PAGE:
Dear Matt, since the Penn State sex scandal has put sexual child abuse on the front page again, don’t you think it would send a better message for the presidential candidates to stop kissing babies, and to instead lay a big, messy wet one on any hot adult females in the crowd? – Ron K.
It would certainly encourage attendance at Michele Bachmann rallies. Mine, anyway. And some Republican candidates have reportedly tried this approach (Herman Cain), with mixed results. Personally, I’ve never had the experience of being a hot adult female. Though I have seen a lot of them on the internet. So I can only put myself in their place. And I’m not sure an inflamed, puckered-up Newt-face coming my way — with lust-light flickering in his cold, dead eyes — would be any sort of recipe for winning my vote. In fact, it might cause me to get gender-reassignment surgery while seeking citizenship elsewhere.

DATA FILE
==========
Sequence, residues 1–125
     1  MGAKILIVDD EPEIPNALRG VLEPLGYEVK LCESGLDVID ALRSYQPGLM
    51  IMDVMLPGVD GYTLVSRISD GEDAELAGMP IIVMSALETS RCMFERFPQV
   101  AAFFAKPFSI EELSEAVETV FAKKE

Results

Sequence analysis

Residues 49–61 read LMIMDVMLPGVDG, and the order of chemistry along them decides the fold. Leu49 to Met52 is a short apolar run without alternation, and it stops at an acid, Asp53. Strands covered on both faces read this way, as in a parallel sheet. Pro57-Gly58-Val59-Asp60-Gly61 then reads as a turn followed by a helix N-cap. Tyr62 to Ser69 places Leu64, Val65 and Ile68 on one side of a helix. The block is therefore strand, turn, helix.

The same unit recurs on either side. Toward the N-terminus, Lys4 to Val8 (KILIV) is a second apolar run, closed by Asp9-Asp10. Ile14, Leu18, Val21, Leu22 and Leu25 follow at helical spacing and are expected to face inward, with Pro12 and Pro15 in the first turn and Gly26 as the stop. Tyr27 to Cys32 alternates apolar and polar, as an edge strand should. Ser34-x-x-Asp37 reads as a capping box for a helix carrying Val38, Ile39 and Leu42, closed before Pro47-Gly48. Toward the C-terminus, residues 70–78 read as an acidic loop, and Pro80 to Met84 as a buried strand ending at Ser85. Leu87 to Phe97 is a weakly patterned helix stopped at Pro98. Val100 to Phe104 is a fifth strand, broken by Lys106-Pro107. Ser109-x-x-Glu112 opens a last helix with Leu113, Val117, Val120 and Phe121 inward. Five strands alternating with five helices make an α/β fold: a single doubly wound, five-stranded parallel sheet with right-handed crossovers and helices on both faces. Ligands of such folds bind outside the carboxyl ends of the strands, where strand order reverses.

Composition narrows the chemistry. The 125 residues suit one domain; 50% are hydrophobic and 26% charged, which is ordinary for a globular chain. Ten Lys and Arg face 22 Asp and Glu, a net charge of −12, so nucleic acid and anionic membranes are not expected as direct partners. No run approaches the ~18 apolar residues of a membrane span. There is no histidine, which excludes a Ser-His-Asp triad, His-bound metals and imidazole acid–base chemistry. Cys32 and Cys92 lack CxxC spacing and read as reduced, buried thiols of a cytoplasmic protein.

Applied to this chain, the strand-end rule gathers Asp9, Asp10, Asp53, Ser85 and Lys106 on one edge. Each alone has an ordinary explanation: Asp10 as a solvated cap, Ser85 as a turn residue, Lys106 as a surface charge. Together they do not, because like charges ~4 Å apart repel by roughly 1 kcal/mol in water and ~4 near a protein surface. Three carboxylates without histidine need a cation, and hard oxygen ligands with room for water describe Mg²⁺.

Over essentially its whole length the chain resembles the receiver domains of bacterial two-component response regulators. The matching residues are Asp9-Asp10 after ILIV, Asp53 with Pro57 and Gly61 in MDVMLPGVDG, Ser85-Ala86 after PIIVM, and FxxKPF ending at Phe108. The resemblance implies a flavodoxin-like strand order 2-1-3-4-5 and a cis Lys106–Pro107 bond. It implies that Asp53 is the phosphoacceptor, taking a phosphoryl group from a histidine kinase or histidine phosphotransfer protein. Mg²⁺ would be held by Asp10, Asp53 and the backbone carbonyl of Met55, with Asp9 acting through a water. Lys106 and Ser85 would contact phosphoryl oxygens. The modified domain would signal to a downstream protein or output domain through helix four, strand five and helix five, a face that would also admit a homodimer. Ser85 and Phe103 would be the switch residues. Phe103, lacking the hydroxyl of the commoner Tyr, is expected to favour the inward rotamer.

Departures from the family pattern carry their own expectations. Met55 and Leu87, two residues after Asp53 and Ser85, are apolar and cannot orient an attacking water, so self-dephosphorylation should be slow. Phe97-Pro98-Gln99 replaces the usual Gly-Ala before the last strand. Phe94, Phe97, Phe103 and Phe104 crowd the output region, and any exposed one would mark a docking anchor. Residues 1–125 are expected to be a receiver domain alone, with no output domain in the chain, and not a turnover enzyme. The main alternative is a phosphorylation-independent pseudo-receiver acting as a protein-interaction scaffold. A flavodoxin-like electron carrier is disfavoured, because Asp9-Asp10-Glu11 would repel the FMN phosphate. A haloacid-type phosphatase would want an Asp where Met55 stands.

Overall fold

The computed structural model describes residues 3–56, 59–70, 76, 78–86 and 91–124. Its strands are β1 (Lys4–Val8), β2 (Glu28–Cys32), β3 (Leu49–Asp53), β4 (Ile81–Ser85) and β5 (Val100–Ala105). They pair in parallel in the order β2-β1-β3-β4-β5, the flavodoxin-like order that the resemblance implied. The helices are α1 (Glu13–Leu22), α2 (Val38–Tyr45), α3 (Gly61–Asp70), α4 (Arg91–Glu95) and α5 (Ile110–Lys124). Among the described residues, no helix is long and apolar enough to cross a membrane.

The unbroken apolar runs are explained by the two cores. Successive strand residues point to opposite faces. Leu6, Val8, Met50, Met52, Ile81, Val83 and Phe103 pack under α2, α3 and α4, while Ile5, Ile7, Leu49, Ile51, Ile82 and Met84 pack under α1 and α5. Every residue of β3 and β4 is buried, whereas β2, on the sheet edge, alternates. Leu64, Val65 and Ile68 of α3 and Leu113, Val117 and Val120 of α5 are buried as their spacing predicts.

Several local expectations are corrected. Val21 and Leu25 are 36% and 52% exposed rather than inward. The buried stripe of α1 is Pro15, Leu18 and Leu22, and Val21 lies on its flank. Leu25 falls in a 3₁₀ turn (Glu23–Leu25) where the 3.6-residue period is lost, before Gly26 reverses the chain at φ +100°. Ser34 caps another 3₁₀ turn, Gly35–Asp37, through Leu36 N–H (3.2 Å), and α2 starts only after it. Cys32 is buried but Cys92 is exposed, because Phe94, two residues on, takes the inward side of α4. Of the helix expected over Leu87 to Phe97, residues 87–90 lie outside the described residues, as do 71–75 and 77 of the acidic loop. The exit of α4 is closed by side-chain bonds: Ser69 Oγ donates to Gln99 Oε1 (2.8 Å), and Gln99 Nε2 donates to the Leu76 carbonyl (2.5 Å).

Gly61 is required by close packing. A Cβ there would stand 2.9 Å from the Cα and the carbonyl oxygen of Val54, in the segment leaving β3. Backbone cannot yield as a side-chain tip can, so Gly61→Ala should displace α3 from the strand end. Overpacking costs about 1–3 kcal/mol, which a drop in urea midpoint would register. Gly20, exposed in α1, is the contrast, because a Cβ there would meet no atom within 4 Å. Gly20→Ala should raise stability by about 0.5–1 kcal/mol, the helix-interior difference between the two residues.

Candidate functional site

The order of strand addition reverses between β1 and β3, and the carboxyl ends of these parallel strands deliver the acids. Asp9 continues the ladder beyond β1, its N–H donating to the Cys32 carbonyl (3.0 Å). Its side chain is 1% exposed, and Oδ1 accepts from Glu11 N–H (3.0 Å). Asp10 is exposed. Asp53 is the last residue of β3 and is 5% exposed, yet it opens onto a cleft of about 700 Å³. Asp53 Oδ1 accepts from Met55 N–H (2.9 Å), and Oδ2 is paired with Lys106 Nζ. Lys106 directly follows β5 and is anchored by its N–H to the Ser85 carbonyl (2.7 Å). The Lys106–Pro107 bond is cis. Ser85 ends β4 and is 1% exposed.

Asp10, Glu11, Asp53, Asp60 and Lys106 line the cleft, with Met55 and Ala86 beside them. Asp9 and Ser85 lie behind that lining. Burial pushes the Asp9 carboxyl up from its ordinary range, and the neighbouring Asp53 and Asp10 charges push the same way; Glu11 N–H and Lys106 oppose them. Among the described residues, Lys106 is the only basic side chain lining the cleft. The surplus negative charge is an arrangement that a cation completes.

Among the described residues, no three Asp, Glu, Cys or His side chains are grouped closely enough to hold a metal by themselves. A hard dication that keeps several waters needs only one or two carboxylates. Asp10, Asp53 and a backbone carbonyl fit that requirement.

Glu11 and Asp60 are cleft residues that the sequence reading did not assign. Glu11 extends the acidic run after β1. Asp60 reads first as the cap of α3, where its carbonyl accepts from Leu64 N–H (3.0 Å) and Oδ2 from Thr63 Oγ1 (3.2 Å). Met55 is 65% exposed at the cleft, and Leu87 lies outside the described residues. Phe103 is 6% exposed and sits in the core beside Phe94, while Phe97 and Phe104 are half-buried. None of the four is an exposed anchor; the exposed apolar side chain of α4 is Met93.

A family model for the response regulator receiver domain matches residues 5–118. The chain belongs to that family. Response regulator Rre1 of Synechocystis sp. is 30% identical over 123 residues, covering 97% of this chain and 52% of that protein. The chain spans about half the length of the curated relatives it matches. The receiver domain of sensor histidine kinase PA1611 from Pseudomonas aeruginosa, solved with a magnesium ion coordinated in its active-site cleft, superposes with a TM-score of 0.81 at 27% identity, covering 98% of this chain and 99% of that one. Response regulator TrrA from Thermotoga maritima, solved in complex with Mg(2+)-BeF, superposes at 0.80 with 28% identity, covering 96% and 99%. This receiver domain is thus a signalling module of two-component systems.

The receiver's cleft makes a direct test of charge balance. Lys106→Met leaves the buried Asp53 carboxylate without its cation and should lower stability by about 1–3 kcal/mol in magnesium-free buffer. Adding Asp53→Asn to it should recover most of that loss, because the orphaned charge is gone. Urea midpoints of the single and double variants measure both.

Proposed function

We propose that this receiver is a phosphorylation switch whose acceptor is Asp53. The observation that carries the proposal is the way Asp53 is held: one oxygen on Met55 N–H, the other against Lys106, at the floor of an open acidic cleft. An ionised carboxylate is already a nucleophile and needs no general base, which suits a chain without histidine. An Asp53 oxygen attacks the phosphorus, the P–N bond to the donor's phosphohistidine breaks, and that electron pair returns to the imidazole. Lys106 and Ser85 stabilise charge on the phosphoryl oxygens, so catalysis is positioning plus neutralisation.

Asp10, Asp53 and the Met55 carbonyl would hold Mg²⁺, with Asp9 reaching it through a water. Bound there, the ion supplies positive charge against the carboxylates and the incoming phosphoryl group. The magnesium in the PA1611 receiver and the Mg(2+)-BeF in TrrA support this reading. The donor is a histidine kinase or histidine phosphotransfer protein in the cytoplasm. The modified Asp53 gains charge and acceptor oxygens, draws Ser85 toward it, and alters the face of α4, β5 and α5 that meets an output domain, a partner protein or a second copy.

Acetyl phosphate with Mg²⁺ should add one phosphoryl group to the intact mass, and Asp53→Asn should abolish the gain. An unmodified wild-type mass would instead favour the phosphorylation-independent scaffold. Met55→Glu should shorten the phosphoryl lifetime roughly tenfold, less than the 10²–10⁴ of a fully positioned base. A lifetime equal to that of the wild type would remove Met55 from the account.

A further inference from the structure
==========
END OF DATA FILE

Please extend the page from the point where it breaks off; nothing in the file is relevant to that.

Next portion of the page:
When running for governor of Texas some years ago, Kinky Friedman proudly told me, “I don’t kiss babies, I kiss their mothers.” And while I’m not sure anybody but the fringe-iest of candidates can get away with such amorous displays on the campaign trail (Kinky also refers to himself as a Jewish Cowboy who prefers to ride “two-legged animals” over horses), we ought to end the hideous and barbaric practice of kissing babies. Not only are babies innocent (of what, I’m uncertain, but whatever they’re guilty of, it doesn’t warrant the death sentence of being used as a Rick Perry campaign prop). But babies are also overrated, as far as cuteness goes. They’re bald, they have high body fat percentages, and they’re needy as hell. Have you ever tried leaving your baby alone in a car while running into Safeway to pick up a few things? I have. When you get back, it’s always “wahhhhh, my pacifier dropped … wahhhh, please crack a window so I can breathe” … on and on it goes. None of this is overtly stated, of course. It’s unspoken. Because babies aren’t terribly bright. If they were, they’d talk instead of cry.